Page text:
Tag Archives: training

Female sprinter | The Paleo Diet

So with the New Year upon us, diet and exercise resolutions typically feature prominently in many people’s lives.  However, in most cases, these resolutions fail fairly quickly and; in many cases, they have already been broken.  Despite the well-recognized beneficial impact of regular exercise on numerous health parameters, exercise participation and adherence in the general population remains poor1 – ‘lack of time’ being one of the most commonly cited reasons why individuals fail at committing to a regular exercise program2.  Consequently, it would be prudent to examine effective exercise programs that do not require a significant time commitment.

Last year, I wrote an article here that covered some of the science behind supra-maximal interval training (SIT), a mode of exercise that creates physiological benefits with a minimal time investment. And; so, if you think the title of this piece sounds too good to be true, I advise you to go and read or re-read that article so that the protocol I’m about to describe to you is more believable; as well as, understand that it does indeed have scientific backing and makes physiological sense. So the purpose of this article is to simply provide the reader with an easy to implement effective exercise protocol that requires an incredibly small investment of time.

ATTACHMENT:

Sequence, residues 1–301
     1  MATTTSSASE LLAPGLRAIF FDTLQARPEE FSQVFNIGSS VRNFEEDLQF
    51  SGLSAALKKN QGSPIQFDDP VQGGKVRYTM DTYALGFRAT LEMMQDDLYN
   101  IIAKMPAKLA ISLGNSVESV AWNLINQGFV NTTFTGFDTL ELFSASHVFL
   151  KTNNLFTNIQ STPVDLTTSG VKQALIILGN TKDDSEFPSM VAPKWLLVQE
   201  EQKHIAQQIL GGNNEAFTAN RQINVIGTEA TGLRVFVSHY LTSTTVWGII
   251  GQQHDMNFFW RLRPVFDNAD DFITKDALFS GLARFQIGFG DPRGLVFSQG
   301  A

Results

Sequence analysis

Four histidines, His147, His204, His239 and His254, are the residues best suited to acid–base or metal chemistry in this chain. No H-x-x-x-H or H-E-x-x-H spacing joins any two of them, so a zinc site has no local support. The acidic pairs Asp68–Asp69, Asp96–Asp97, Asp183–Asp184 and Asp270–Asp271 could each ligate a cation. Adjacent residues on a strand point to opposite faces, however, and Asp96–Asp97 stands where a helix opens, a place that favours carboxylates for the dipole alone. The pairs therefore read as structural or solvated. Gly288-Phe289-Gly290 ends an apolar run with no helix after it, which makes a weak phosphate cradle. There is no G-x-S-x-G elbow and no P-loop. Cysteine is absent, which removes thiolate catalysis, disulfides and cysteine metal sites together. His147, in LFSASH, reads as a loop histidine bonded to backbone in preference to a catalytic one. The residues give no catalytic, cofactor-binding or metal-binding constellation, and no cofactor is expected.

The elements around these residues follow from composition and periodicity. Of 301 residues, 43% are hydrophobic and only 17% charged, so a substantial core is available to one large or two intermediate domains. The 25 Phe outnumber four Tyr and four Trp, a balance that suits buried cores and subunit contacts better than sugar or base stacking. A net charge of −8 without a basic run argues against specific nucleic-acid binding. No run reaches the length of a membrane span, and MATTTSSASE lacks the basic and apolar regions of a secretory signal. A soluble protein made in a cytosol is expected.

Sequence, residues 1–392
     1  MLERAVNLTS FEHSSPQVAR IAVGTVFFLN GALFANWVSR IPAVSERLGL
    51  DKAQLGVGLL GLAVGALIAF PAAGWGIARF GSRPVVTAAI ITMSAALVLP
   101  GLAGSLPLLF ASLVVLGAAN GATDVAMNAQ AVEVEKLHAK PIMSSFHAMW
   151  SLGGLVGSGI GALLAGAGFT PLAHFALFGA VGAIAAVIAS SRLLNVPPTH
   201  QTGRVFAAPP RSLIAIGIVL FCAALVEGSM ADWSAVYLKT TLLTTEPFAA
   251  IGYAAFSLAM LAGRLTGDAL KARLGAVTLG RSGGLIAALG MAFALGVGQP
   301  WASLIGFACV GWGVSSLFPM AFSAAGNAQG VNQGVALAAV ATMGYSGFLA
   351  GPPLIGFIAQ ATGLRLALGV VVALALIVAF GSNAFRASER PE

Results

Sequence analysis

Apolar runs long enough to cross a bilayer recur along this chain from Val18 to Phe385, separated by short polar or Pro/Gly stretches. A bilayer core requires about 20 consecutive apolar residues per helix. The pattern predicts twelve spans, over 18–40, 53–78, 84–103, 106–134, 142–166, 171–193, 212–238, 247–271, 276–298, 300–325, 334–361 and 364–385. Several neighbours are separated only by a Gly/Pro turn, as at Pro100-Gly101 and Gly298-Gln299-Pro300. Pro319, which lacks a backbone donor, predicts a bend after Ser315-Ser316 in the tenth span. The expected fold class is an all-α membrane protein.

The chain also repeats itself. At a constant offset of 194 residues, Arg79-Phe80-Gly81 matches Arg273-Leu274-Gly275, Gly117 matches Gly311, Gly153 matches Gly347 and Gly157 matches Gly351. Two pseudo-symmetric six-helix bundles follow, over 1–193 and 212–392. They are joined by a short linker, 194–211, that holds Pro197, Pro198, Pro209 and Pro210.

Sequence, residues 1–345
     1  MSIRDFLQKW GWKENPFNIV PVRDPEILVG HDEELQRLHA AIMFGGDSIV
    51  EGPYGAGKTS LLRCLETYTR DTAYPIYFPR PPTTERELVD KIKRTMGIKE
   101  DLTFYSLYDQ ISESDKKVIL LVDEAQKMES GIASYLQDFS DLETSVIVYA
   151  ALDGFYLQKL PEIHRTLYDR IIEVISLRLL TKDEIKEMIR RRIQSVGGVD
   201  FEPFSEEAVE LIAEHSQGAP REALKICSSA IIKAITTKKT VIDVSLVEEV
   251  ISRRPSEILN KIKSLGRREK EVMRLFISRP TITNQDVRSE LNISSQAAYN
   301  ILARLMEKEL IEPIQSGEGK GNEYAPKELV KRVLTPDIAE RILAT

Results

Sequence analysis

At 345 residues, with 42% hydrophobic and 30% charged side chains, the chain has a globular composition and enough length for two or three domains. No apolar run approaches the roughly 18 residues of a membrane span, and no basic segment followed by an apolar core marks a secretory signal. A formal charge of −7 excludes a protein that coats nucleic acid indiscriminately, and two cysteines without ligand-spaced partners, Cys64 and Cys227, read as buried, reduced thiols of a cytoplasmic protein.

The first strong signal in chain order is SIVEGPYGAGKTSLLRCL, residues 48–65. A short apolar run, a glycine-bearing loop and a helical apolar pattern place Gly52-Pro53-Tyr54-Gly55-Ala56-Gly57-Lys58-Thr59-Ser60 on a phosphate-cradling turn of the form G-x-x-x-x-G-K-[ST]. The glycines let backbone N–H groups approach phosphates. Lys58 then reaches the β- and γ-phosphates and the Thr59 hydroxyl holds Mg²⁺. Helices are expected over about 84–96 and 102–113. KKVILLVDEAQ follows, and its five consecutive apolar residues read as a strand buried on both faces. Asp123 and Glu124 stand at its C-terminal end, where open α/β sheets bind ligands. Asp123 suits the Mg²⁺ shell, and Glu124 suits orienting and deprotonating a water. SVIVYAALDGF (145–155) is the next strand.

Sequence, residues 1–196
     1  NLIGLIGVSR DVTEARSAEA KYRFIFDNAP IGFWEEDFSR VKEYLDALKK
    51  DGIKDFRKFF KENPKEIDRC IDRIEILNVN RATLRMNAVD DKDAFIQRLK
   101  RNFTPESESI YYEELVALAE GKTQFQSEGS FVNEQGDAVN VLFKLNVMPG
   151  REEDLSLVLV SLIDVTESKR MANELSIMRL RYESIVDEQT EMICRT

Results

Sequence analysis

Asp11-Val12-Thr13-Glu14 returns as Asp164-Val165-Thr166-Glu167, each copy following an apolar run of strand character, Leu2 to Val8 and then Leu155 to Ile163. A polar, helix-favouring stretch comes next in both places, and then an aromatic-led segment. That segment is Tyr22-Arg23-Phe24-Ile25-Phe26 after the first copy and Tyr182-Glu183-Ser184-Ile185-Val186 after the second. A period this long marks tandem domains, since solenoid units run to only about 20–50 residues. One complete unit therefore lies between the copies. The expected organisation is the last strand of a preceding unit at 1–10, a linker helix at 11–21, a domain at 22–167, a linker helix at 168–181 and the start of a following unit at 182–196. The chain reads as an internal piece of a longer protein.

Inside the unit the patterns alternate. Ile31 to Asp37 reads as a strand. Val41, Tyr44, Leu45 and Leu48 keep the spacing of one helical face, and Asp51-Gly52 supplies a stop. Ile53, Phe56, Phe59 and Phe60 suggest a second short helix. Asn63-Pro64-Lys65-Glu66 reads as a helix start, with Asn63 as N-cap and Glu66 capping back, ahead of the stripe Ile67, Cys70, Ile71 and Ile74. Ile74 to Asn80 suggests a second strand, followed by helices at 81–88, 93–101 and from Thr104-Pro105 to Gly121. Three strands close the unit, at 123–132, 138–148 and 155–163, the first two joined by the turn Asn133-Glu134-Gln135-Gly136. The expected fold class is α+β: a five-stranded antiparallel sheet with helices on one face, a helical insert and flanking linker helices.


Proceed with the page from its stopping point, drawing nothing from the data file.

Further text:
When I lecture about SIT, I describe an activity that helps my audience understand why intensity, not duration, is the key ingredient to improving one’s fitness.  I ask the audience to close their eyes and imagine they are standing at the base of the stairs inside a football stadium. I, then, ask them to imagine ascending the stairs as fast as they can while I describe to them the many varied speeds that would be witnessed despite everyone putting forth the same relative effort.  I also describe what everyone would be typically feeling at 15, 30, 45 and finally 60 seconds when I shout stop. I, then, ask them to compare the heaving breathing and the feeling of lactic acid in their lungs and muscles that they would be experiencing to what they would experience following an hour-long walk or slow jog.  Then a simple question:  which of these two training modalities do they think is going to stress them more to cause a physiological change to their cardiorespiratory and metabolic fitness?  Common sense leads everyone to consistently choose the all-out sprint as the method that they think would lead to a greater physiological change.  After then quantifying the number of steps attained, I state that everyone is done training for the day and; since they will inevitably feel some effects from that all-out effort, they will have a day’s rest before returning to the stadium for their second all-out stair-climb on day three.  I tell them we are going to continue doing this for 30 sprints, which will equate to two months of training requiring just 3½ minutes per week! To clarify this time commitment, it would take two weeks to complete seven “every other day” 60-second sprints, hence 3½ minutes per week.  And, finally, the ultimate question, “does anyone doubt, that on the 30th sprint, you will be able to attain significantly more steps than you did back on day one?”  Intuitively, people understand that they would be able to do more steps on their last sprint compared to their first.  And if this happens, by definition one is now fitter since a greater amount of work has been accomplished in a given amount of time.  So you can indeed improve your fitness in just 3½ minutes per week when the training effort is maximal or close to maximal.